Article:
Following a six-hour meeting in late September, the Resource Allocation Working Group, chaired by Georgia President Michael Adams, agreed to consider a reduction in FBS football scholarships from the current number of 85 to 80 and a reduction in the number of FCS football scholarships from 63 to 60. The reductions would likely follow a move toward a full cost-of-attendance scholarship that is expected to be passed in early 2012. In addition to football, the group agreed to consider a reduction in the number of men's basketball scholarships from 13 to 12 and in women's basketball from 15 to 13.

If it's not it's time to burn the NCAA to the ground. If you don't want to offer a full complement of scholarships, don't. Atlantic Hockey offers 13, not 18. Fine. Don't force teams awash in money to not offer scholarships because you cry poverty. The NCAA should be exploring relaxing or changing caps in money sports*, not increasing them.

*[The best anti-oversigning proposal I've heard is removing the overall cap entirely and just having a yearly one. Totally removes the motivation to kick a kid off the team unless he's Stephen Garcia.]

Etc.: Just Cover's SteveY dubs MSU's QB 'Kork Coupons,' which I find delightful. It is entirely plausible Lou Holtz has called him this at some point. Tom Ziller blows up David Stern. Grant Wahl makes the case for promotion and relegation in American sports. Yost renovation to take out 400 seats, add more "premium" seating so people can pay even more money to not show up at hockey games.



October 14th, 2011 at 5:17 PM ^

I thought Rodriguez has moved out of the AA area? I had heard he was living in Florida and I know his house was for sale. God, it must be awful for him to still be around if that's true.


EDIT: It would help if I read the article first...


October 14th, 2011 at 5:17 PM ^

Strangely enough, the promotion-and-relegation format always seems to be advocated by people based in New York, Los Angeles, etc.  No one in small-market cities - whose franchises would be much more likely to be threatened by actual relegation - seems to be a believer.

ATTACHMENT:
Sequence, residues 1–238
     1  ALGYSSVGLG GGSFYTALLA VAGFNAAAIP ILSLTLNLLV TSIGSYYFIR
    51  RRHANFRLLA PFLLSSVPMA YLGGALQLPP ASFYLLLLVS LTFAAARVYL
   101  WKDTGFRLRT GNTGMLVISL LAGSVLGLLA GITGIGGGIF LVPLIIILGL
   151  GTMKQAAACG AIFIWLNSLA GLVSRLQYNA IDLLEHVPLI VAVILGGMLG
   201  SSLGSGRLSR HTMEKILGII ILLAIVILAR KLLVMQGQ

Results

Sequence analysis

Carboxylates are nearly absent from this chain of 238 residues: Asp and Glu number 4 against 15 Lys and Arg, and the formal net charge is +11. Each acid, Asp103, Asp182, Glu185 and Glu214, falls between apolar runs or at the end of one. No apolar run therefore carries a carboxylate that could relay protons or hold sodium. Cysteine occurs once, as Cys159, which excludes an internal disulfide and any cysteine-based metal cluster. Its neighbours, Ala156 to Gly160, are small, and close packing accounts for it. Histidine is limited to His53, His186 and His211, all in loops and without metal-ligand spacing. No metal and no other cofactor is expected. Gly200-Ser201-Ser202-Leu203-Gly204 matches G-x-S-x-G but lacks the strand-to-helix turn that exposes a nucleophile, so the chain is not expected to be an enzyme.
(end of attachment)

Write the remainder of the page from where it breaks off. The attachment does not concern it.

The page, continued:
kevin holt

October 14th, 2011 at 5:55 PM ^

If this happened, the NFL would be hurting - not thriving. Think about it. How many teams in the last ten years have gone from worst in their division to winning it, in a single year? A lot. I didn't start following the NFL until a year or two ago, so I'm not sure on the numbers, but the Lions are a surefire example. Those teams would need to prove themselves a year before being moved up, instead of having their deserved shot right away. Drafting would be different. Everything would be different. The way the NFL and every other American sport attempts to introduce parity is through allowing better draft picks to worse teams. If a team were relegated, they wouldn't recover because they would never be able to draft good players. The first round pick is not going to agree to go to a B-league team.

This is brought up every three months or so by someone who thinks it's an amazing idea that they just thought of and no one else had ever realized before. I know this because I did the same thing, on this very board. I have realized since then how bad of an idea it is, because the infrastructure would have to be completely overhauled. It might - MIGHT - work in baseball (even less likely for hockey), because you already have minor leagues, but probably still would not. Football is out of the question.

Back to the draft subject, it might work for baseball or hockey because they would "lend" the top prospects that aren't quite ready for the bigs. Then, maybe a lower league team would be able to climb back. But the lack of drafting themselves still hurts tremendously. Not to mention how much this kills college hockey because teams have ANOTHER outlet for their prospects.